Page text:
While there may be relatively few underlying concepts that liberals and conservatives might agree upon related to the justice system, perhaps one of them could be that justice should be parsimonious – defined as the government being authorized to exercise the lightest intrusion possible on a person’s liberty that is necessary to achieve a legitimate social purpose. In this light, maybe there could be broad agreement that, for example, excessively long sentences for relatively minor crimes might fail this test.
In this episode of Shades of Freedom, guests Daryl Atkinson (of Forward Justice) and Jeremy Travis (of Arnold Ventures) join us to discuss the new Square One Project report, The Power of Parsimony. If you are concerned about overincarceration, sentencing reform, and our culture of punishment – as meted out by the justice system, and in the added punishments which follow incarceration – this is the podcast for you.
Daryl V. Atkinson is the Co-Director and Co-Founder of Forward Justice, a nonpartisan law, policy, and strategy center in North Carolina dedicated to advancing racial, social, and economic justice in the U.S. South. He also serves as a member of the steering committee for the Formerly Incarcerated, Convicted People & Families Movement, a national network of civil and human rights organizations led by directly impacted individuals committed to seeing the end of mass incarceration, America’s current racial and economic caste system.
Prior to joining Forward Justice, Daryl served as the first Second Chance Fellow for U.S. Department of Justice (DOJ). While at DOJ, Daryl was an advisor to the Second Chance portfolio of the Bureau of Justice Assistance, a member of the Federal Interagency Reentry Council, and a conduit to the broader justice-involved population to ensure the DOJ heard from all stakeholders when developing reentry policy. Daryl previously served as the Senior Staff Attorney at the Southern Coalition for Social Justice (SCSJ), where he focused on drug policy and criminal justice reform issues, particularly removing the legal barriers triggered by contact with the criminal justice system. In 2014, Daryl was recognized by the White House as a “Reentry and Employment Champion of Change” for his extraordinary work to facilitate employment opportunities for people with criminal records. Daryl received a B.A. in Political Science from Benedict College, Columbia, SC and his J.D. from the University of St. Thomas School of Law, Minneapolis, MN.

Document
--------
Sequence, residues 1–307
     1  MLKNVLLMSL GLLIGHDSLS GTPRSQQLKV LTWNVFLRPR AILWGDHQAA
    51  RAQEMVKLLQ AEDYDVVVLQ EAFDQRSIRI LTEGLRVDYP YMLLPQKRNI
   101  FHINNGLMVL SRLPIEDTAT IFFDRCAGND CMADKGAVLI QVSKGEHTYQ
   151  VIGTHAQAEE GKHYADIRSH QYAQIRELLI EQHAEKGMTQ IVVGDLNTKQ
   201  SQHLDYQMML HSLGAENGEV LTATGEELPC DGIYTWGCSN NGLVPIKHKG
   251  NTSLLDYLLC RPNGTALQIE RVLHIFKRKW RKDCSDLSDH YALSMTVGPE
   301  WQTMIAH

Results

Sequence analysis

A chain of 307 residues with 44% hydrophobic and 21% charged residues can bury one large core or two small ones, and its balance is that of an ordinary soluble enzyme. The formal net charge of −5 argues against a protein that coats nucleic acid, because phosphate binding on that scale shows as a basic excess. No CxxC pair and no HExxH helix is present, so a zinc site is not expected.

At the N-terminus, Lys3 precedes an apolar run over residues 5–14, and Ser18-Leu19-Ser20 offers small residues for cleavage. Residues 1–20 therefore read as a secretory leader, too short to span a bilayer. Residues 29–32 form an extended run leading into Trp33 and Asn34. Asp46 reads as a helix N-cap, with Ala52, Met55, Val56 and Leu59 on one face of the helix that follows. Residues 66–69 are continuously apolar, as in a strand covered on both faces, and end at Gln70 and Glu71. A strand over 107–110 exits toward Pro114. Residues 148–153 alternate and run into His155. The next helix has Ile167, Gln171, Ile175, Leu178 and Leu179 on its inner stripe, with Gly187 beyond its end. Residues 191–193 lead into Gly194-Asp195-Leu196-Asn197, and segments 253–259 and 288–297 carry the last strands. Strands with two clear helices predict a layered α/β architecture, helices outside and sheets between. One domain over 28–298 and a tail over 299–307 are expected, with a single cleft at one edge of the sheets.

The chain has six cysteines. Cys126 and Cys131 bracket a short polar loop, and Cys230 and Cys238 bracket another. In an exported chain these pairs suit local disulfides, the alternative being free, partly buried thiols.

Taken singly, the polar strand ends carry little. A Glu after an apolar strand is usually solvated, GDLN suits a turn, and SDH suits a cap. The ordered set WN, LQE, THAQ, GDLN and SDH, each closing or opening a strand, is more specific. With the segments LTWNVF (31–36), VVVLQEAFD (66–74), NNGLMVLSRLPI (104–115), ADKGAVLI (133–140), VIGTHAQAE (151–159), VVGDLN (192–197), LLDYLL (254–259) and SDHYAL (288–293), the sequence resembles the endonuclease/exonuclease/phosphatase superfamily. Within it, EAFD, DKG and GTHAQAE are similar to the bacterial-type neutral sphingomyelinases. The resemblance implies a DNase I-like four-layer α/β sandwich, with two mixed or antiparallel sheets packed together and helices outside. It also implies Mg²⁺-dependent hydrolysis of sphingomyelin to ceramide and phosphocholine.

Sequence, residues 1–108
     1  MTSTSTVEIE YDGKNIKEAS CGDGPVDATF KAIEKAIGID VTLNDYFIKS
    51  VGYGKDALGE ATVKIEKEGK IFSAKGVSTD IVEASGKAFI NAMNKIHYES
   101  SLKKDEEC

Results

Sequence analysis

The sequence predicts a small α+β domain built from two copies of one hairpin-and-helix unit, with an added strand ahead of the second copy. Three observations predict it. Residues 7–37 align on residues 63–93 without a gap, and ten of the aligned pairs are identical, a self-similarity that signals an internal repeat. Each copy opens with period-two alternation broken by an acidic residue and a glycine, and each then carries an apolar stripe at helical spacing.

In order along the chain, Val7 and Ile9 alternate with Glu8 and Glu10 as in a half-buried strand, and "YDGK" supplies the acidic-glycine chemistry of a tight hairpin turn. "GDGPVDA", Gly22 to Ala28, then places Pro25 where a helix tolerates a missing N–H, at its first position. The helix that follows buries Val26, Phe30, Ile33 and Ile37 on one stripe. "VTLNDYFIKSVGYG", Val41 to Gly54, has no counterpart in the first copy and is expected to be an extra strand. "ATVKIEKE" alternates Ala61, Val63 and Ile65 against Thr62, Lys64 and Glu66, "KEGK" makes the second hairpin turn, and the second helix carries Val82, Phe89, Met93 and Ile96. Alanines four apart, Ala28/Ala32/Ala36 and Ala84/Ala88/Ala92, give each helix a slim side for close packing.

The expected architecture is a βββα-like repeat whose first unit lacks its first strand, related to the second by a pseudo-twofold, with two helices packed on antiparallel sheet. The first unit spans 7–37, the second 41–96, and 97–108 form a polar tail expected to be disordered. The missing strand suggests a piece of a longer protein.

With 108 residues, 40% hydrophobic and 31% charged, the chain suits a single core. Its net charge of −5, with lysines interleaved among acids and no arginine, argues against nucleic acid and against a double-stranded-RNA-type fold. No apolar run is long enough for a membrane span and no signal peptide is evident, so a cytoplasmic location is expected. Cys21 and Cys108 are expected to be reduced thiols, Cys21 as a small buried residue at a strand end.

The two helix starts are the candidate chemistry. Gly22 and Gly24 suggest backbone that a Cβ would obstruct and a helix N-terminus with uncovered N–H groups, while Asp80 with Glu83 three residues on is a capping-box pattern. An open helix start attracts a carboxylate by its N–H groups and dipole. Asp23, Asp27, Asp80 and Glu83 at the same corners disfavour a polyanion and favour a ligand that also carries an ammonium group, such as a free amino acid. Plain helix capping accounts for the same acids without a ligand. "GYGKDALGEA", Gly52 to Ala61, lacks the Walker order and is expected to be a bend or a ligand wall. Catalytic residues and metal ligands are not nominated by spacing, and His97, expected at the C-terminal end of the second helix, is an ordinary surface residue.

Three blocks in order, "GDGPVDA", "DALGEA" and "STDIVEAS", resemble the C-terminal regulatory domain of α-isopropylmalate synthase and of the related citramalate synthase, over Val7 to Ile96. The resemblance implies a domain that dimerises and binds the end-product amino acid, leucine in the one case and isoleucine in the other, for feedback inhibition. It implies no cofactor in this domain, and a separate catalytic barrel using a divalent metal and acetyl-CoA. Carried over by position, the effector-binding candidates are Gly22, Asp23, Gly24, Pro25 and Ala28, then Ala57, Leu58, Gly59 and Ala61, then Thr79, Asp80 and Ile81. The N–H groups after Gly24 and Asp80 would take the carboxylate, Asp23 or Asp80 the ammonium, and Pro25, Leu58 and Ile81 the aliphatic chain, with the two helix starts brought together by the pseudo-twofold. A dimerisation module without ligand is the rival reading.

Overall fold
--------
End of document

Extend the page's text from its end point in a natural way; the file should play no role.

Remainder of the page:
Jeremy Travis joined Arnold Ventures after serving for 13 years as president of John Jay College of Criminal Justice at the City University of New York (CUNY). Under Jeremy’s leadership, John Jay became a senior liberal arts college at CUNY, significantly increased the number of baccalaureate students, created the CUNY Justice Academy to serve community college students, and joined the prestigious Macaulay Honors College.
Prior to his time at John Jay, Jeremy was a senior fellow with the Justice Policy Center at the Urban Institute. Before that, Jeremy served as director of the National Institute of Justice (NIJ). At NIJ, he established major initiatives to assess crime trends; evaluate federal anti-crime efforts; foster community policing and new law enforcement technologies; advance forensic sciences; and bolster research on counter-terrorism strategies.
Jeremy’s career also includes his role as deputy commissioner for legal matters for the New York City Police Department (NYPD); chief counsel to the U.S. House Judiciary Subcommittee on Criminal Justice; special adviser to New York City Mayor Edward I. Koch; and assistant director for law enforcement services for the Mayor’s Office of Operations. In addition, he was special counsel to the police commissioner of the NYPD.
He is the author of But They All Come Back: Facing the Challenges of Prisoner Reentry, and co-editor of both Prisoner Reentry and Crime in America and Prisoners Once Removed: The Impact of Incarceration and Reentry on Children, Families, and Communities. He earned his J.D. and M.P.A. from New York University and his bachelor’s degree from Yale College.
About Shades of Freedom
Shades of Freedom is a podcast from the Aspen Institute’s Criminal Justice Reform Initiative. Our podcast amplifies and uplifts promising efforts aimed at reducing mass incarceration, and examines the ecosystem of related inequalities that surrounds and perpetuates it.
The Shades of Freedom podcast, hosted by Dr. Douglas E. Wood, Director of the Criminal Justice Reform Initiative, is named after and inspired by the book Shades of Freedom: Racial Politics and Presumptions of the American Legal Process, by Judge A. Leon Higginbotham, Jr.